Because it is always yours (ours) and never theirs. They are just fine. Why should anyone care what we think? It isn’t our life, it’s theirs. Just like our life and all of its decisions belong to us. We should never base our life, our way of living, on what someone else thinks. Easier said than done, I know! But really, if you can say with conviction “what other people think of me is none of my business” life gets so much easier!
Here is another example: Your parent/partner/friend/co-worker is an alcoholic. You can hardly stand to be around them when they are drinking because they act so different. Slurring their words, repeating themselves over and over, acting stupid. Ugh! How is this a mirror or reflection of/for you?
Well perhaps you are an alcoholic too. Or perhaps you aren’t but you CAN identify with a characteristic or trait that they possess. So you begin by narrowing it down again. Ask yourself “am I an alcoholic?” If you answered NO then ask yourself “what kind of person is an alcoholic?” Make yourself a nice little list. Perhaps an alcoholic to you is someone with low self-esteem, numbing out pain, insecure, not trustworthy, has no control, etc. Good, now change the question and ask yourself “how am I THAT?” Such as “how am I insecure” or “how am I numbing out pain”. You will know what the reflection represents to you when you say it out loud – you will feel like a little punch in your gut.
So then go from there, right? Work on that for YOU! Don’t worry about your alcoholic parent/partner/friend/co-worker because it isn’t about them. It never was, it was always about you. It has been since they day when you were probably still in diapers and discovered that you were separate from the rest of the people on this planet. And your job, or challenge really, has been to remember that in truth we are all connected. We are all one. What I do affects you and what you do affects me. What one does as a separate being affects the whole of the planet.
So NAMASTE – I SEE you and as YOU see you I wish you healing and peace.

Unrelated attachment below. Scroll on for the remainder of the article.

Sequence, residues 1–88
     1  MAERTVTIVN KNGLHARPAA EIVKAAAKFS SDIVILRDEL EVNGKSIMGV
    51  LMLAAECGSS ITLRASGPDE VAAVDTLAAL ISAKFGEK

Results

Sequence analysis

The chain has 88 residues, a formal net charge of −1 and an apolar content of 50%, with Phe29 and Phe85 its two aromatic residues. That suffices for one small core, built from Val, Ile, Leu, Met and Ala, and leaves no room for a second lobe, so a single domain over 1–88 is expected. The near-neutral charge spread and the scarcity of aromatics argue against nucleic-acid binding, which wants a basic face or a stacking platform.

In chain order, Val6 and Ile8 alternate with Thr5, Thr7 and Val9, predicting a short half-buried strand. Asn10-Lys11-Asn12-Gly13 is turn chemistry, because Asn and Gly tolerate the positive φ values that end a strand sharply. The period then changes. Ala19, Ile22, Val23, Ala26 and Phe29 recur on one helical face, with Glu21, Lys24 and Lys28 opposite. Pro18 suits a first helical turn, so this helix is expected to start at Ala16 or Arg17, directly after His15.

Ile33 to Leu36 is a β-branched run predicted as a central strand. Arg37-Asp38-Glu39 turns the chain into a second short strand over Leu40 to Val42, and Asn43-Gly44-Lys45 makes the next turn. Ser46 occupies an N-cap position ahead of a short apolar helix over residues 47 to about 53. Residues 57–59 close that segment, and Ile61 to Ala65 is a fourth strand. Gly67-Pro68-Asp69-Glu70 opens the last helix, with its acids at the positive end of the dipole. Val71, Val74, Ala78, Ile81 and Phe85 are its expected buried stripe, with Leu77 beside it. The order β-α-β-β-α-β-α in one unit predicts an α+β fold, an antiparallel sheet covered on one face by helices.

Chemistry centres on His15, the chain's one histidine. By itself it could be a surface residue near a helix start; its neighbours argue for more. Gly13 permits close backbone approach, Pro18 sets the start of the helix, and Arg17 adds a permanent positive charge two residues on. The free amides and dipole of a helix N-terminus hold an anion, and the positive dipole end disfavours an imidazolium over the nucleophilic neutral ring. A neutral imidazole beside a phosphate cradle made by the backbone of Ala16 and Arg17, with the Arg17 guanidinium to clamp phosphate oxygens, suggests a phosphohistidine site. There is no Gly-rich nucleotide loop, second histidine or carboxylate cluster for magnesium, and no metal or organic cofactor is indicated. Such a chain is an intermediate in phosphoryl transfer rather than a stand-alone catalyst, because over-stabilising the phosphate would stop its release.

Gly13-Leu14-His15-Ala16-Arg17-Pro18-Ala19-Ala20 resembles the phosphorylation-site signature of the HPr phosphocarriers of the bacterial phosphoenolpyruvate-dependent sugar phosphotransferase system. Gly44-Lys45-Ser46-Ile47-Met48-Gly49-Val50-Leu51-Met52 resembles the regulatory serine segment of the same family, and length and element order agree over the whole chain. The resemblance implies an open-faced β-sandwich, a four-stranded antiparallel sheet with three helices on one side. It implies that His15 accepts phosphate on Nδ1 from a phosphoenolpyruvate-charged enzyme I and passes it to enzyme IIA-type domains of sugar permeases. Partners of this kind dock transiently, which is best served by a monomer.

3 Ways to Use Your Eyes
- When talking to someone, whether it be your child or the grocery store checker, take a slow breath and really look into their eyes. Look at them when you are speaking and also when they are speaking. As you do so, feel love flowing up from your heart and out your eyes directing it towards them. Notice how you feel when the conversation ends. Also notice if they seem different as well.
- When you notice yourself judging another person take a long look at them as you ask yourself “how am I THAT (fill in THAT with the judgment)?” Keep asking until you feel that gut punch. You will then know what you can begin healing within yourself to become a better human being and motivate you towards your magnificence!
- Do mirror work. After a shower or bath look in the mirror and look deep into your own eyes. Tell yourself things like “I love you”, “you are beautiful”, “you are a great mother/father/partner”, “you deserve everything you desire”, “you are enough”. This can be challenging at first but keep at it. If you find yourself looking away, keep trying until you can connect. What you think about you is crucial to living a meaningful life.
- Ok, I know I said 3 ways but this one is fun too – light some candles, put on some soft music, pour some wine or tea and sit with your significant other. Set a timer if you like and look into each other’s eyes for at least 10 minutes. No talking (or giggling, although that may take a few tries!) See what happens…
I would love to hear how any of the above exercises worked for you if you tried them. Especially 1-3. Number 4 will probably be best left between you and your partner! So please share your thoughts below in the comments if you received any inspiration from this post.